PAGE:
Three Tags in the Four Vertical Concept

Jun 12, 2017 | Offense, Pass Game, Vertical Pass Concepts

By Eric Struck
Wide Receivers Coach/Passing Game Coordinator/Special Teams Coordinator
Washington High School (SD)
Twitter: @EricStruck


One of our favorite pass plays, and one that is popular with a lot of coaches, is the four-vertical concept. We want to run this play as much as possible but be able to give the defense different looks as well as take advantage of what the defense will give us. We feel that by adding a simple tag system allows us to be very diverse and multiple within our passing game but keep things very simple for our players.

Set Up


In our basic 2x2 formation (diagram 1) each one of our receivers has a rule as well as a specific landmark they need to follow. We tell our outside receivers that they own the numbers and we tell our inside receivers that they own the hash.

Along with sticking to their landmarks, our receivers are also executing a read as they run their route. Our outside receivers are reading the depth of the corners both pre-and post snap. They have what we call, the “Hitch Read.” As a general rule, if the CB is deeper than 5yds then they will execute a hitch route at roughly 5-7 yards. We tell them on their 5th step they should know if they are continuing vertical or hitching it up (diagram 2).


Our inside receivers have what we call the “Seam Read.” They will get a pre-snap read if the safety is over the top as well as a post snap read. Once the inside receivers reach 10 yds. and the safety is still over the stop then they will hitch up and work 3 yds. to either side of the hash and settle in a window (diagram 3).


If there is no safety over the top, then they will continue to run the seam. We spend a lot of time working on this play and we feel we can execute it no matter the situation.

QB Read Progression

He will start by assessing the safeties. How many deep safeties are there? Our quarterback coach uses the terminology of “Open or Closed Roof.” An “Open Roof” would be 2 deep safeties and a “Closed Roof” would be a 1 high safety look. If it is an “Open Roof” our QB will read from the outside receivers to the inside receivers. If it is a “Closed Roof” then our QB will read from the inside receivers to the outside receivers.

With an "Open Roof" read the QB will read the depth of the Corner. If the hitch is there we will take it every time. If the Corner alignment does not allow for the Hitch then the QB will read the near safety. If safety stays on or close to the hash then the QB has a one on one match up the outside. If the safety widens then the seam route should open once we clear the alley defender.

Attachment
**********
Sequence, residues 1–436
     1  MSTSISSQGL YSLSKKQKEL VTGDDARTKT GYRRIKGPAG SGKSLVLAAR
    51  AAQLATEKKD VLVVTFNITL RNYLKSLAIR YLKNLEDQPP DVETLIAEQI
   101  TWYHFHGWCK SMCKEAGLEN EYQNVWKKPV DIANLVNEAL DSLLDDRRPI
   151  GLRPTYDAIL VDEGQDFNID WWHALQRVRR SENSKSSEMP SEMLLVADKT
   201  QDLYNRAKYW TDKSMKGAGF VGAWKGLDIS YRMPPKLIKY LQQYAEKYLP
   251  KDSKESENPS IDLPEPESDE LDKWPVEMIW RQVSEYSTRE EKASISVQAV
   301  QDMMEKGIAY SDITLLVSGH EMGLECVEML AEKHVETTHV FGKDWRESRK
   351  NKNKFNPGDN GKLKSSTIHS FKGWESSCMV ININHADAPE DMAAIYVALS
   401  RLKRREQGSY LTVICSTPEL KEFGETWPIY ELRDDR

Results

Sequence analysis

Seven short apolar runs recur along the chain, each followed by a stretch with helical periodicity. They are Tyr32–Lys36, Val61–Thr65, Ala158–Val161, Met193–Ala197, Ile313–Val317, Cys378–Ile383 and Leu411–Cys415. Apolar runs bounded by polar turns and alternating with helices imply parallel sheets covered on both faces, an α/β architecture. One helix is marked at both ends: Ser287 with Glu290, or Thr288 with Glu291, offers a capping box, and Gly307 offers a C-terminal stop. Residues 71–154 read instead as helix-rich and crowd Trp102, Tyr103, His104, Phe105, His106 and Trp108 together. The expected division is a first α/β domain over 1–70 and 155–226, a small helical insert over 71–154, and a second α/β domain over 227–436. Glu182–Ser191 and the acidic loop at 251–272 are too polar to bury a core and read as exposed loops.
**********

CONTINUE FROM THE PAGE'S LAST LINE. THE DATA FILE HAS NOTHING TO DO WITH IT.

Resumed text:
Switch Tag

Our favorite tag for our Four Verticals concept is our “Switch” Tag. In our basic 2x2 formation, both sides would execute the switch tag (diagram 4).


This tag applies to not only the release we want to execute but the reads on the route as well. Our outside receiver will push vertically 2-3 steps then work their way inside up the hash so that can execute the “Seam Read.” Our inside receiver will push vertically 1-2 steps then work behind the outside receiver and get to the numbers and execute the “Hitch Read (diagram 5).”


The great thing about the "Switch" tag is that the read stays exactly the same as our basic four vertical concept. If we are in a 3x1 alignment then the “Switch” tag applies to the 1st two receivers from the sideline. The inner most receiver will work to get vertically to the opposite hash and he no longer has a read. He is getting vertical no matter what the defense does.

We really enjoy the switch especially when we face a Cover 2 type defense or a defense who aligns their CB’s in press or a tight alignment. This allows for our receivers to get a fairly clean release off the line of scrimmage. With the switch release against a press corner we feel the “Switch” release gives us an opportunity to out leverage the corner with the slot receiver. The CB must carry the outside receiver and when he does this it gives our slot the opportunity to get outside and hopefully be able to gain a step or two advantage on the CB (diagram 6).


The “Switch” tag is also very effective when using motion. Faking the “Jet Sweep” action to the boundary and using the motion man to run the outside vertical route is a great way to out leverage the CB (diagram 7). This also takes advantage of a rotating secondary. If you are a team that uses a crack scheme or some type of switch blocking scheme on the perimeter, then the motion paired with the “Switch” tag can be especially effective against an aggressive alley player.